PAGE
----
Old Mans Beard (Clematis vitalba) is a fast growing, vigorous weed that scrambles up and over the canopy of trees. If left unchecked it is capable of smothering and killing large areas of native forest.
OMB is becoming well-established in Pinehaven. Right now it is easy to spot because its creamy coloured fluffy seeds are very prominent. These seeds will be released and spread by the wind, spreading the problem to other properties. If we are to prevent this weed becoming a serious problem for our local forests then we need to control it.
Seedlings have one to three leaflets and the mature plant has five leaves. The characteristic feathery seed heads give this climber its name and appear from autumn to spring. Older stems have pale brown stringy bark with longitudinal furrows. Don’t confuse OMB with native clematis which is three leaved, flowers from spring to early summer, seeds in late summer and has a smooth vine.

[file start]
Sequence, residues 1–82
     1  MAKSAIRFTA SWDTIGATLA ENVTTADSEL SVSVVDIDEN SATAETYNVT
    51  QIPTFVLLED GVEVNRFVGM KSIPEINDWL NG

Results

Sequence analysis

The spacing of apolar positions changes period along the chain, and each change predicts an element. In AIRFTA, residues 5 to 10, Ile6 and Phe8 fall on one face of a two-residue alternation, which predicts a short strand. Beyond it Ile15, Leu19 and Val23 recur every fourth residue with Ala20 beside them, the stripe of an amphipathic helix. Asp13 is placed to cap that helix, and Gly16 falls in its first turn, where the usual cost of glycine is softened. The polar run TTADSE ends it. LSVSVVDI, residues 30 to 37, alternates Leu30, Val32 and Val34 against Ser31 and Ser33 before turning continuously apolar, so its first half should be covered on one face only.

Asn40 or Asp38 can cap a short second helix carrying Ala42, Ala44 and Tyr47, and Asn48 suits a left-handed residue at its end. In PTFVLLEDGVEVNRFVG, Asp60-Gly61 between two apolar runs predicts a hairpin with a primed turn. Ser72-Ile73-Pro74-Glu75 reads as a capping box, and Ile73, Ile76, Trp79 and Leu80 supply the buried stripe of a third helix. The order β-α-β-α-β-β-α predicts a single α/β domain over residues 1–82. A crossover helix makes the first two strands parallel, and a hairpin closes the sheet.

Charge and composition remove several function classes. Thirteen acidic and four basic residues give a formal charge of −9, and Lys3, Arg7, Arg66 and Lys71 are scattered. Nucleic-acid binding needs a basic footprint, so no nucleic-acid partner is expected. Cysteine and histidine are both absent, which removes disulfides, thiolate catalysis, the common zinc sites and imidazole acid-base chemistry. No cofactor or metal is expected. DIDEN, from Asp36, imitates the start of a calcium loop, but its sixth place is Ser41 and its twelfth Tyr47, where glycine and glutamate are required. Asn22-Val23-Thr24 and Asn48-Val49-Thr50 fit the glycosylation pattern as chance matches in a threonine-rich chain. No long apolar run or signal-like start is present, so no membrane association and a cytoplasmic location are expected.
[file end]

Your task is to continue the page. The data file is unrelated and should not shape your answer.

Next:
The best method of control is to cut vines to ground level or to waist level in the winter or spring and to spray the regrowth in March. This method ensures that the host plant is not sprayed at the same time. Leave the vines in the tree to dry out before removing (or leave them there to rot), to prevent damage to the host tree.
For larger specimens, the cut stump method can be used. Cut the vines close to the ground with a straight flat cut. The cut must be horizontal so the herbicide will stay on the cut area and be absorbed. Apply herbicide immediately, as the sap ceases to flow once the tissues are severed. There are several convenient ways the application can be made, with a paintbrush, eye dropper or a small squeeze bottle. For larger specimens it is only necessary to wipe the herbicide around the outer rim of the cut.
A herbicide called Vigilant works well on OMB and comes in a convenient bottle with an applicator for stump treatment.
Further information and advice
If you need help identifying OMB or advice on its control, please contact Chris Cosslett on 972 3490 or firstname.lastname@example.org
More information, including photos for identification, can be found at: